If any film director could be said to march to the beat of her own drum, that would be Mary Harron.
The 59-year-old Canadian-born Harron (for a time best known as the daughter of Canadian comic actor Don Harron) has been at the helm of adult TV drama such as Oz, Six Feet Under and The L Word. But she maintains a feature film career, which signalled a contrarian sensibility early on. Her first film was I Shot Andy Warhol, a 1996 biopic of Valerie Solanas, the crazed ultra-radical feminist writer who came close to ending the life of the famous pop artist.
Harron followed that up with her most notorious film, American Psycho (2000), a deceptively deft adaptation of the brutal-satirical novel by Bret Easton Ellis about a Wall Street player whose immaculately tended surface hides mind-boggling depravity. With an amazing star turn by a young Christian Bale in the role of Patrick Bateman, it's a surprisingly witty, eminently quotable movie that considerably toned down the sickening violence of Ellis's book.
Her third feature returned Harron to the off-centre biopic with The Notorious Bettie Page (2005), an affectionate but unblinking account of the life of the most compelling pin-up model of the allegedly innocent 1950s.
Harron comes to Winnipeg's Cinematheque this weekend to screen both Bettie Page and American Psycho, as well as screen her new film The Moth Diaries in advance of its April release in Canada. The trailer for Moth Diaries seems to be aimed at the Twilight demographic with its setting of a boarding school for teen girls, a hunky teacher (Scott Speedman) discussing vampirism, and a pale teenager (Lily Cole) with a vibe of goth bloodsucker.
But of course, appearances can be deceiving.
"It has some of the elements of the teen vampire thing, but I hope it's quite different," Harron says over the phone from New York, where she is dutifully waiting for one of her two daughters to finish a piano lesson.
Indeed, upon closer scrutiny, it would appear the Moth Diaries is to Twilight what Midnight Cowboy is to a buddy comedy.
"It's not a romance... well, it is a romance, but it's about how the girls feel about each other," she says. "It's about those friendships girls have when they aren't really ready for boys, so they rehearse. And they want to break away from their families, but they're not ready for the outside world.
"It's really a drama about teenage girls and their intense, crazy friendships, more than anything else," Harron says. "It's like a modern, gothic coming-of-age movie. To me, it's a million miles away from Twilight."
The retrospective element of Cinematheque's program may facilitate a reconsideration of her film American Psycho, which was widely reviled upon its initial release in 2000. But in the intervening decade, it's a film that has won the respect of audiences, whether fans of the horror genre or not. Certainly, the figure of a monstrous, blood-lusting Wall Street player seems more pertinent than ever in the shadow of the corporate malfeasance of the subprime mortgage crisis and the Occupy Wall Street movement.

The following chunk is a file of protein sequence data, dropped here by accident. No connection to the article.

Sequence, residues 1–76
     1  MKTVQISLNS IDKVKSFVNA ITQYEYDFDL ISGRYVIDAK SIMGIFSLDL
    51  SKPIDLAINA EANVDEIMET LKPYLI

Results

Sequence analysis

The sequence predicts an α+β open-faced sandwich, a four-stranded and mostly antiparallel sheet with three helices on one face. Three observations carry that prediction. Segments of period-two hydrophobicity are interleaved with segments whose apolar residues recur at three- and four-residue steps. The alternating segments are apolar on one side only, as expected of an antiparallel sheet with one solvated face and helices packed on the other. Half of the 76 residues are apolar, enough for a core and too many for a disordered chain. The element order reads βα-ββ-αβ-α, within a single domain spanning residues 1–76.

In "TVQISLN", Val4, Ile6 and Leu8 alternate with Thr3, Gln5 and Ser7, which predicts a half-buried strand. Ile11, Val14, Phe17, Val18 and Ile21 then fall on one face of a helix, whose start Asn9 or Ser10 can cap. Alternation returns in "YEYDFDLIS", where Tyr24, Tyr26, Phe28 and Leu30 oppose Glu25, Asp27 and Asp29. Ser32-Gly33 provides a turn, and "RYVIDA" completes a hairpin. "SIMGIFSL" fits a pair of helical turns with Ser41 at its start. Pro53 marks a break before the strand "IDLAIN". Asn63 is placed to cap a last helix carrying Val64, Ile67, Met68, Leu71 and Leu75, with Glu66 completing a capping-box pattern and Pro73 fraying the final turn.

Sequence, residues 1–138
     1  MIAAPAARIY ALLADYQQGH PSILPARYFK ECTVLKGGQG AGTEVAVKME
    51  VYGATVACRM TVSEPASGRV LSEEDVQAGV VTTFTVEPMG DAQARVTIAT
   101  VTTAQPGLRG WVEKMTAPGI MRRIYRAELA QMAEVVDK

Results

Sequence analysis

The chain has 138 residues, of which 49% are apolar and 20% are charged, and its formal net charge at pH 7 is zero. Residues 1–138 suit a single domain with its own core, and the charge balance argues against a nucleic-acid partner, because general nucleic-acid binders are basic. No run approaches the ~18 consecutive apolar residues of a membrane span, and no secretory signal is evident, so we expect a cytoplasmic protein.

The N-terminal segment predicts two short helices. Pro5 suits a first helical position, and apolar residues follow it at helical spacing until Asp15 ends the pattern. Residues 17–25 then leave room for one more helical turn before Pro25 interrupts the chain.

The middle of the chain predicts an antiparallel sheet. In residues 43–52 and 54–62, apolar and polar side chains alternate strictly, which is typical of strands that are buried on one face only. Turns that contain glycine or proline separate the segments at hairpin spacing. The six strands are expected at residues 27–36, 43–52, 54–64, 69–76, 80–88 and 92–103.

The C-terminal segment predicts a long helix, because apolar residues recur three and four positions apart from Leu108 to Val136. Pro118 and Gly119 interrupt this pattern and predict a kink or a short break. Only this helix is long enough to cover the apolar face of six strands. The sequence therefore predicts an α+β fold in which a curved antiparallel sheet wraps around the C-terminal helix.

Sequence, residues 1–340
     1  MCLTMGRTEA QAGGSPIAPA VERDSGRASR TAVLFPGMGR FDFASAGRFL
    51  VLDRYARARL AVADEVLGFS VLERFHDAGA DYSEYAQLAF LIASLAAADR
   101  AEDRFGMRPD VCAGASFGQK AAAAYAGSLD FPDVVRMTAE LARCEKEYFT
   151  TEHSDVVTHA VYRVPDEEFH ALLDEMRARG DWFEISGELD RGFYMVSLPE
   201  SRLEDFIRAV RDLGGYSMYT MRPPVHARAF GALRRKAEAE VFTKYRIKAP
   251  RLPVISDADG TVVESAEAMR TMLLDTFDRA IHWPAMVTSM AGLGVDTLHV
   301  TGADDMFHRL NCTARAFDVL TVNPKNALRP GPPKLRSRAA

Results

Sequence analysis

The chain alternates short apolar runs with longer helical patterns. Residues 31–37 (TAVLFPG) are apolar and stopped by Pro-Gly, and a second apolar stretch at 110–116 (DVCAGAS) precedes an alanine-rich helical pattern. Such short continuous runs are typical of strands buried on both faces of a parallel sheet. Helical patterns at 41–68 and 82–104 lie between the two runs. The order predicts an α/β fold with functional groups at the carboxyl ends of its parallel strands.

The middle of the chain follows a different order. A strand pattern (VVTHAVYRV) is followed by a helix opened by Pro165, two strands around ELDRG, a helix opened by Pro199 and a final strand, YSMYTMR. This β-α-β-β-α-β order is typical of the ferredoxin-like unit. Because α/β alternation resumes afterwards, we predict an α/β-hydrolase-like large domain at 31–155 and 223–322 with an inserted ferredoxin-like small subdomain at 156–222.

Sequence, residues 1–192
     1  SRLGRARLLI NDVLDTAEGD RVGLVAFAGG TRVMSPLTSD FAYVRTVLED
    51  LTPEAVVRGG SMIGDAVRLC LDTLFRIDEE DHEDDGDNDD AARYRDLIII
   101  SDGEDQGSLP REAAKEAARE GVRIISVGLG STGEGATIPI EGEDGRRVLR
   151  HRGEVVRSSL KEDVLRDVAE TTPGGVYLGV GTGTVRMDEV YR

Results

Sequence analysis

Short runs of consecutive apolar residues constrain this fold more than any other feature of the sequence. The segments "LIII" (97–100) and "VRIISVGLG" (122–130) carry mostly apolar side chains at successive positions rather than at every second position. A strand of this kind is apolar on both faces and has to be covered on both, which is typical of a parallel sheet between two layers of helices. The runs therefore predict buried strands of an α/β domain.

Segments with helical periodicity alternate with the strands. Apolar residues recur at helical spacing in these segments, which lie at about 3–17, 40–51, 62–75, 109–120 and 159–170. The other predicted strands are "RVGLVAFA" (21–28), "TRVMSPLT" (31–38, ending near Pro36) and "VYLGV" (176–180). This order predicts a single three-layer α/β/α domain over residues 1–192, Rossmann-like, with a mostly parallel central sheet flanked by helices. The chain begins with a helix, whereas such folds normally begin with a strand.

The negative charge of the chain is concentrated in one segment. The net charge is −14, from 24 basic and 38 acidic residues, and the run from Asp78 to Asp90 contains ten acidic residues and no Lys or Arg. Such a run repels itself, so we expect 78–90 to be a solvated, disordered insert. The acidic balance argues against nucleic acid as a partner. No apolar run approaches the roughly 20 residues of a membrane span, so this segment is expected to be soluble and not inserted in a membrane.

"I don't know why it took so long. It certainly didn't have that reaction at first," she says. "Obviously it helped that Christian go to be very famous, but it initially had a very mixed response, as all my films do.
"When it came out, people fixated on the '80s (trappings), but I thought it wasn't really about the '80s," she says. "The satire is about the '80s, but really it's about business and modern life. And it's not like anything's changed."
Harron confesses she is nonplussed at the talk about current plans to remake American Psycho.
"They usually wait 25 or 30 years before they remake something. It's so bizarre," she says.
"I guess it did very well and it made them a lot of money, but it's completely weird to me that you would do that when the film was done in recent memory," she says. "If it was up to me, I'd say, 'Don't do it.'
"But I have no say in it. Obviously, I would like mine to be the definitive one, and they already did a stupid sequel, but what can I do? It's out of my hands."
During her time in Winnipeg, Harron will sit down on Saturday afternoon with respected Winnipeg filmmaker Norma Bailey to discuss her career, and it seems likely the subject of gender will be addressed. Despite the comparative scarcity of female directors compared to male, Harron sees slow signs of progress beyond the milestone moment when Kathryn Bigelow won her Oscar for directing The Hurt Locker in 2009.
"I think there's obviously a general trend where it is getting better," she says. "You have to look at it over a 30-, 40-year graph. If you just look at it year to year, you won't see anything revealing really -- one film might get an Oscar, or a film like Monster gets a lot of attention.
"But to see an overview, you have to see how many women were making movies in the 1950s and '60s and then you'll see there is a big change."
Harron acknowledges that she finds herself an inspiration to young would-be female filmmakers, which she accepts with understanding.
"If I had known of other women directors when I was growing up and starting out, obviously it would have made a difference," Harron says. "It would seem more attainable."
Mary Harron screenings
The Notorious Bettie Page screens Friday at 7 p.m.
Master Class Q&A with Norma Bailey, Saturday at 2 p.m.
The Moth Diaries preview screens Saturday at 7 p.m.
American Psycho screens Saturday at 9 p.m.
Tickets to the Q&A are $25.